“Our information security program and policies should be based on an independent and unbiased standard. This assessment is helpful as it gives us a foundation on which to mature our program, develop new policies and rework current practices,” Director of Information Security, Joyce Beck said.
“We wanted to understand our security position and its effectiveness. After the assessment we learned that strengthening logical segmentation protocols via restrictive VLAN would protect our overall network from unauthorized access in a more effective way. Systems such as heating, cooling and camera control were given limited access and could only communicate on their assigned VLAN networks,” IT Lead Ryan Engelbrecht added.
The implementation of the additional protocols through the assessment added an additional layer of security to the hospital’s overall security. On top of this, it shifted their focus from reactionary thinking to a proactive mindset with a systematic handling of their known vulnerabilities, and it guided the hospital on recommended lifecycles for its hardware and software.
“Asset management was one of the tools we utilized but not to its fullest potential. Improved documentation was implemented and additional methods for auditing and ensuring the necessary follow through were added. The assessment gave us an approach that was modest and a directive to keep it simple, by starting at square one and building this plan from the ground up. This made the process of managing our hardware less overwhelming and cumbersome,” Engelbrecht said.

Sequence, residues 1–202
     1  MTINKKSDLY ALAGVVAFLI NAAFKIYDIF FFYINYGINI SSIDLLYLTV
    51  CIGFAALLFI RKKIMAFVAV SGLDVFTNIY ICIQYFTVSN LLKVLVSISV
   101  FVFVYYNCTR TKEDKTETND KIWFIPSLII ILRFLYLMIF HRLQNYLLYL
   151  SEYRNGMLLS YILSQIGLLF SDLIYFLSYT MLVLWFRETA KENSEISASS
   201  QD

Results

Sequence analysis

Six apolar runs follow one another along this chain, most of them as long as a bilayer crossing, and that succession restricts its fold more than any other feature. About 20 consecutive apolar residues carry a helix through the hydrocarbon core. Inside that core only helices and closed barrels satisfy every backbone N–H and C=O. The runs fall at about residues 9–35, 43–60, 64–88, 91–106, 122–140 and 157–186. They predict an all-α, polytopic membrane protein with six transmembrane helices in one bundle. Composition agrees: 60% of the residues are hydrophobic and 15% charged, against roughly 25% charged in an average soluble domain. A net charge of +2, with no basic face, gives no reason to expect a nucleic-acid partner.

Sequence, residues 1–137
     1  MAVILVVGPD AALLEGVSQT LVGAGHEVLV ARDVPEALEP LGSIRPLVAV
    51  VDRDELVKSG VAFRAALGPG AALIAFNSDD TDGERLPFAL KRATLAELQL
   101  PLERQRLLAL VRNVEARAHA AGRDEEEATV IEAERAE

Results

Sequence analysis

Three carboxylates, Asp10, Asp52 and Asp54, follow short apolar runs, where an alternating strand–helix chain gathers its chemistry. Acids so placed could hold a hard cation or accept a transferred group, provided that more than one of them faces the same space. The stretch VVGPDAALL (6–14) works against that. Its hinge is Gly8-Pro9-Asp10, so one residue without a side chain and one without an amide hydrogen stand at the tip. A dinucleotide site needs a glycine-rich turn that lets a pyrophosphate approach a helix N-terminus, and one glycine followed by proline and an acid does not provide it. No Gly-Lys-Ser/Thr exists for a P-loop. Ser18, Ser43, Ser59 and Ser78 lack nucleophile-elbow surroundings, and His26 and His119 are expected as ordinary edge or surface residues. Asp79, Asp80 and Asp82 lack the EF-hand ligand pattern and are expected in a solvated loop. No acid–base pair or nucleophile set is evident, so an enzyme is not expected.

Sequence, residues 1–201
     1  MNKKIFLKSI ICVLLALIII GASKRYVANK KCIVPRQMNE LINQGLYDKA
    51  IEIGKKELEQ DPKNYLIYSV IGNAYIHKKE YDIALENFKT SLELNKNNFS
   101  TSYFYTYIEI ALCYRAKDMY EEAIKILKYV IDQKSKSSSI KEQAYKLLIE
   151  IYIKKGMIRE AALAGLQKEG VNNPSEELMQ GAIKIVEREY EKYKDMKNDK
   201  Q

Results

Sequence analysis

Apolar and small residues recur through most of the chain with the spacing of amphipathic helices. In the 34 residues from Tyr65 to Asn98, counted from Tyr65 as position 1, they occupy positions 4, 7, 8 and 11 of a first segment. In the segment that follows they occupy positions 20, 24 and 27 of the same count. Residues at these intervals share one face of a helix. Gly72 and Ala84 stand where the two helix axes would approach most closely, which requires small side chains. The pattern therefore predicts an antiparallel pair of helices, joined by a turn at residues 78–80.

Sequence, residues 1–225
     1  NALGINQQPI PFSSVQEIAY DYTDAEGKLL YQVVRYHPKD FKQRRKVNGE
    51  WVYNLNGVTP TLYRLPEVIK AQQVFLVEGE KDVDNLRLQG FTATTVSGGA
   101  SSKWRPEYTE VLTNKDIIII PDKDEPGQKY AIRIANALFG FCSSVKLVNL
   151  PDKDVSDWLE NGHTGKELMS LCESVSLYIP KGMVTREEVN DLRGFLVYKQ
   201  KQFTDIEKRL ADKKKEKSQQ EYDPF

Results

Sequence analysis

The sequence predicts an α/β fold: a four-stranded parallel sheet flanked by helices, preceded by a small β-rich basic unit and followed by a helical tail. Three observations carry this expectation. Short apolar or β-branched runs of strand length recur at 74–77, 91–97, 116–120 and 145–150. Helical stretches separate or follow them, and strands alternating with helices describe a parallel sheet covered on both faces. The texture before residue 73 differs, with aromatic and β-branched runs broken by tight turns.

The FISASCORE® security assessment not only pinpointed vulnerabilities for immediate improvement but also provided a roadmap for enhancing the overall security posture of Douglas County Hospital. Overall, this open, collaborative and mentoring approach is what made the difference to improving the hospital’s security position now and into the future.